Inhibitor of apoptosis proteins as a therapeutic target in breast cancer
© BioMed Central Ltd 2008
Published: 13 May 2008
Apoptosis is the process of programmed cell death by which damaged or unhealthy cells are normally destroyed. Cancer cells are able to avoid apoptosis and thereby survive inappropriately. Inhibitor of apoptosis proteins (IAPs) are a family of proteins that block apoptosis in normal cells, by binding to active caspases, the proteases that mediate cell death. There are eight human IAPs, including NAIP, XIAP, cIAP1, cIAP2, livin, survivin and apollon. An upregulation of IAPs could cause resistance to apoptosis. Targeting IAPs in cancer therapy may therefore improve the clinical effectiveness of apoptosis-inducing chemotherapeutics. A number of studies have shown that XIAP and survivin are up-regulated in cancer, and inhibiting these IAPs increased the apoptotic response induced by some chemotherapeutics. We aim, first, to examine the expression profile of all IAPs in breast cancer and, second, to determine whether inhibiting IAPs will enhance the apoptotic response to traditional chemotherapeutics and newly developed targeted therapies, such as Herceptin.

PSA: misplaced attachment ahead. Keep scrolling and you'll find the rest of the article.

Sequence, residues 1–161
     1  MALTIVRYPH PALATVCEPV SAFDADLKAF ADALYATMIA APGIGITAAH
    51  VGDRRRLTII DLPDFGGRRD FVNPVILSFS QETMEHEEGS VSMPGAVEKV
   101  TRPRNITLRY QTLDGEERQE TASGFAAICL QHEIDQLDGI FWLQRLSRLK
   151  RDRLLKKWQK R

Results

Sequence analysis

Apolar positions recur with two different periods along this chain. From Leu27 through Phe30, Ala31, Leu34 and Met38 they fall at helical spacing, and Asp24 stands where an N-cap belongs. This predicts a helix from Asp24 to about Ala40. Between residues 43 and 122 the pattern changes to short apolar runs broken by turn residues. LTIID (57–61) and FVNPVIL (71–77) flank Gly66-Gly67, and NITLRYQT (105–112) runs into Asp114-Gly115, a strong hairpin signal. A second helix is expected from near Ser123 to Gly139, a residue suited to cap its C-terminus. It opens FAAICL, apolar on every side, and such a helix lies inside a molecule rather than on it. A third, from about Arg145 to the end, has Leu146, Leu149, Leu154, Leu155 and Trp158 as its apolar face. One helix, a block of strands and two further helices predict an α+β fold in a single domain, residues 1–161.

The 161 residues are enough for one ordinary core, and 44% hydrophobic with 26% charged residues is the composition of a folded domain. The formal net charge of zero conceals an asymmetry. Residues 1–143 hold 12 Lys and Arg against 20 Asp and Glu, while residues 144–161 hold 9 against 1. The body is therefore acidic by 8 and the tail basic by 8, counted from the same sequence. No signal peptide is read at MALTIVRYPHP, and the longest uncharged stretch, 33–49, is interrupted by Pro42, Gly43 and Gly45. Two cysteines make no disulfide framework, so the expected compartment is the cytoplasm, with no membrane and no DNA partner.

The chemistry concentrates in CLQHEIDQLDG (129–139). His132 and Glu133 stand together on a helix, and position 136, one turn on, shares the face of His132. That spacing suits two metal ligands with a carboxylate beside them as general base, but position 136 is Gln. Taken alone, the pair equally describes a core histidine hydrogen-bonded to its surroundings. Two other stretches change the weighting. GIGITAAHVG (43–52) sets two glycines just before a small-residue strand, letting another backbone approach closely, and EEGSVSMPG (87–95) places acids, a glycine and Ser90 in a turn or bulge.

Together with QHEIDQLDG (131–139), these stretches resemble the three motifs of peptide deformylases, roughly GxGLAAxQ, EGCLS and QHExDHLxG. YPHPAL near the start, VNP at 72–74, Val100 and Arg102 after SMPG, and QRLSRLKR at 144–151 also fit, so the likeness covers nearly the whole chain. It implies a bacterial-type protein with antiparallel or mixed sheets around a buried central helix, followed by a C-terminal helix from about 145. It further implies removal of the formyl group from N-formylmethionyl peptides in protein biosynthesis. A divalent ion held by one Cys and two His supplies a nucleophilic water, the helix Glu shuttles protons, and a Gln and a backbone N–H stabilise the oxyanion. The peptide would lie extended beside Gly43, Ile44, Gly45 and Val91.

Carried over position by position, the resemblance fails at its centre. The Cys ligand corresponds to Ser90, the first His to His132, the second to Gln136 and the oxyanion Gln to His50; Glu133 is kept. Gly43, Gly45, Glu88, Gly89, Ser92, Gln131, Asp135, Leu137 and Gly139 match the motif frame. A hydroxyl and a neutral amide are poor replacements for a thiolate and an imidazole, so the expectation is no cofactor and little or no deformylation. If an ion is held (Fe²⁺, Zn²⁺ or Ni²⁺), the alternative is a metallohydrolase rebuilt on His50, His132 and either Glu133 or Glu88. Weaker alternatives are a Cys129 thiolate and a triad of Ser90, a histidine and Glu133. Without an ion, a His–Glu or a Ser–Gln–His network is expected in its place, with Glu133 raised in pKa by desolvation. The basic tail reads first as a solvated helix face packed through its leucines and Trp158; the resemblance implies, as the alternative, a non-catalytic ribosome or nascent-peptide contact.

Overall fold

IAP levels were detected in patient and cell line samples by immunoblotting with validated antibodies using the Li-Cor Odyssey system (Li-Cor Biosciences, Lincoln, NE, USA). IAPs were inhibited using siRNA or cell-permeable mimics of endogenous inhibitors. Control cells and cells with XIAP knocked down or inhibited were exposed to TNF-related apoptosis inducing ligand (10 ng/ml), Herceptin (100 μg/ml), Iressa (10 μM), or Lapatinib (100 nM) for 48 hours. Apoptosis was scored by examining nuclear morphology (DAPI) or active caspase 3 staining. Proliferation was examined by Ki67 staining.
We have found that IAPs are widely upregulated in breast cancer. In particular cIAP2, XIAP and survivin were more prevalent in breast cancer cells than normal breast epithelium. Knock down of XIAP or inhibition with small molecule inhibitors resulted in an increased apoptotic response to TNF-related apoptosis inducing ligand, in both sensitive and resistant cell lines. Knocking down XIAP also increased the apoptotic response to a number of growth factor receptor-targeted therapies such as Herceptin, Iressa and Lapatinib.
Inhibiting IAPs in combination with both chemotherapeutic agents and targeted therapies, such as Herceptin and Lapatinib, which act as receptor antagonists, will improve clinical outcome.